American Betiya: The Revolutionary Indian YA BookAmerican Betiya: The Revolutionary Indian YA Book
on Mar 24, 2021 Where do I even start with American Betiya? As a little kid, I always wanted to experience life in an American high-school, what with One Tree Hill and A Cinderella Story. While this desire sustained with To All The Boys and Never Have I Ever, the complications of ‘Culture Shock’ never occurred to me. The ideas of prom, unhindered PDA, having my lover over for dinner and full freedom to live my life used to smite me, leading me to take my culture for granted. Even though I’m still not very enthusiastic about some elements of my culture, I am learning to embrace it and no longer feel the need to run away from it or take on a fake identity.
What Is The Book American Betiya About?In her debut novel, Anuradha D. Rajurkar pits Rani (a girl from an immigrant, conservative Indian family) in a romantic relationship with Oliver (an emo-punk artist with family issues) who though charming at first, starts showing some serious racist red flags which inhabit him unconsciously. The author describes Oliver as Rani’s mother’s worst nightmare in the first line itself. But after the first five chapters, Oliver not only smites Rani but the readers as well. Even though their relationship moved way too fast for me to start shipping them, I found Oliver to be an acceptable boyfriend. I gave him a pass, though I saw the impending doom very well And then the red flags. What starts with the cute and cliched ‘Princess Jasmine’ nickname, transitions into something very, very horrendous in chapter thirty-one. I will never be able to get that scene out of my head. Not only was this scene a witty description of racist fetishes but also a mark of toxic relationships where people try to replace the absence of actual intimacy with sexual favours for short-term happiness. ‘This is something I can give him.’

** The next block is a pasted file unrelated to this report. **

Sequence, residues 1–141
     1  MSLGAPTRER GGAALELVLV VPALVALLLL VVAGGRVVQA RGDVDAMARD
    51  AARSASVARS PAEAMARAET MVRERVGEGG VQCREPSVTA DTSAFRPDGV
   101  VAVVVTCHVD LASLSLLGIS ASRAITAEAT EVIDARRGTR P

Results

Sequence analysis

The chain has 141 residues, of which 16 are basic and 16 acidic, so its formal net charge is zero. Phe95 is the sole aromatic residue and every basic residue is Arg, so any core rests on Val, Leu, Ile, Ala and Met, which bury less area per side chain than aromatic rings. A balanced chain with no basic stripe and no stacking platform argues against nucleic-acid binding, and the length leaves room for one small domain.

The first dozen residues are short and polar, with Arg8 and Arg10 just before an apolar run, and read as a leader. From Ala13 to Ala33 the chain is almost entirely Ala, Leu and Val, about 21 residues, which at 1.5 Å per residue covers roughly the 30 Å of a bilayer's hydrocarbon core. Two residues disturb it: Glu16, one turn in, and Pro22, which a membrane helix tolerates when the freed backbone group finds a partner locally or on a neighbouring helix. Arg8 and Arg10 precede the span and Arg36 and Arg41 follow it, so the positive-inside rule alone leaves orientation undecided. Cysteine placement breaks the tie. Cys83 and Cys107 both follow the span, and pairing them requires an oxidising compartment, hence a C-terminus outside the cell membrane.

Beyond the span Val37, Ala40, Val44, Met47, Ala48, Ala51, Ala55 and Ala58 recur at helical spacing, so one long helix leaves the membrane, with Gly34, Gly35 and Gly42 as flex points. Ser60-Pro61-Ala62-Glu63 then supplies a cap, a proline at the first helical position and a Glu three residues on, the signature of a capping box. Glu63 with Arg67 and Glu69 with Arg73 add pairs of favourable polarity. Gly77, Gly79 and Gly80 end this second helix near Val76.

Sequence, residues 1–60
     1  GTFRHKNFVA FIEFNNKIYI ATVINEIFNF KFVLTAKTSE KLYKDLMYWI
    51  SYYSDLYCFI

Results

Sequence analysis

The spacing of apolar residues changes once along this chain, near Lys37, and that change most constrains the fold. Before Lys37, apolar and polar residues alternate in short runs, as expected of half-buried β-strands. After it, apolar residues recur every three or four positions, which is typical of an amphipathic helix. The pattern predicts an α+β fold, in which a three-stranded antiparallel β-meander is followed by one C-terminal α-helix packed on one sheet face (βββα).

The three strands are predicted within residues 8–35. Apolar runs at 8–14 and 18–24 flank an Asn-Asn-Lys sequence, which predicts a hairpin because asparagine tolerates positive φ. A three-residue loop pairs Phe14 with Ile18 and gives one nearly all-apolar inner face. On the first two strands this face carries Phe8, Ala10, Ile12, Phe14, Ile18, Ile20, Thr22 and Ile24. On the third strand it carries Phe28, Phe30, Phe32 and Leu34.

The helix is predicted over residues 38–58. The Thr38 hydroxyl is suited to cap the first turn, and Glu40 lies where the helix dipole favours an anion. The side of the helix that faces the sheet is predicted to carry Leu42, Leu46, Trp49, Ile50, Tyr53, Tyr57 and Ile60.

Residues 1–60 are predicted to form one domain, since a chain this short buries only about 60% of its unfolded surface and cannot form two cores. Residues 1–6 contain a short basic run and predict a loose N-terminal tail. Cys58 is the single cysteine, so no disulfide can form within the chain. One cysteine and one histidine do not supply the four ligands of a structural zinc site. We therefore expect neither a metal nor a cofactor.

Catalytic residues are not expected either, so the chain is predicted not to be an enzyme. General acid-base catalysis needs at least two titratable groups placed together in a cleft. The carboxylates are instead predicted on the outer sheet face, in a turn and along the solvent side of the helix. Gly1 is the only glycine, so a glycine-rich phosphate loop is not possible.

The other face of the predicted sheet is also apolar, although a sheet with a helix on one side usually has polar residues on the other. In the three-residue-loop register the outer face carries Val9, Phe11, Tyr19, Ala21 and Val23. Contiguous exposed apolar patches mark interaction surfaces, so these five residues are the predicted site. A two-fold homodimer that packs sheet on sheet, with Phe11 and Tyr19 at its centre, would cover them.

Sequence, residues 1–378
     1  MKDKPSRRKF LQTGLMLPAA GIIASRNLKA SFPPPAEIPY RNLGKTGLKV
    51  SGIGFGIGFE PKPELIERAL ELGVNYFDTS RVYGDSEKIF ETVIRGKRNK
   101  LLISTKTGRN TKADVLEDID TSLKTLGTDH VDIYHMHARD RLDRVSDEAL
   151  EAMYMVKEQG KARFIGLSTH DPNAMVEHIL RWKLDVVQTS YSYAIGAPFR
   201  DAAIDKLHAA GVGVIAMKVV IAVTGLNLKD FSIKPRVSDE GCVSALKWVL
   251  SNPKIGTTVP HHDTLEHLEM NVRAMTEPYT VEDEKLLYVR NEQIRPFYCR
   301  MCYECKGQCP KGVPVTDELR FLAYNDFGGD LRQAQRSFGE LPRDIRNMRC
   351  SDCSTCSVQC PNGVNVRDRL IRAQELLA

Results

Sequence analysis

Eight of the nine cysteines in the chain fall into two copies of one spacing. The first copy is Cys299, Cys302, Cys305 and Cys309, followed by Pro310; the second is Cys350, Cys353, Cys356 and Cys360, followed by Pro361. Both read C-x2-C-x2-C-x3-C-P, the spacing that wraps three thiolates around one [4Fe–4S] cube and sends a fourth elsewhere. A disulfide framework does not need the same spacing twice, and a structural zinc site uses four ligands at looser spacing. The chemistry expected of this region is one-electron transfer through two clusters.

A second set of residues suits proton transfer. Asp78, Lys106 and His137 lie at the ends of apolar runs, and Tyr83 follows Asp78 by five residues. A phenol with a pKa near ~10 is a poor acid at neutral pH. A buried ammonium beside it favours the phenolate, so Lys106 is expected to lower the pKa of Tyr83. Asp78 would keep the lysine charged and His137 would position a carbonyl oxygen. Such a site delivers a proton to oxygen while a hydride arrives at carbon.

Why Did I Find The Book Interesting?
- Advertisement -The fact that Oliver accepted Rani’s cultural background only so far as it heeded to his needs and wants, without actually comprehending their spiritual and sacred depth pressed my buttons and left my eyes wide and jaw dropped. I’ll have to give it to Anuradha’s fearless and witty writing here because this scene was a masterstroke. A bit traumatic and extreme yes, but it sort of made up for the slow-paced, honeymoon-phased first part of the book. Couple this with Oliver’s mural in chapter thirty-eight and bam! My heart really reached out to Rani. What I felt at that point cannot be put into words, because with these two scenes as the late climaxes of the book, it just hits you all at once like a revelation when you just want to look into the author’s eyes and shout, “OH MY GOD, I FREAKING GET YOU!”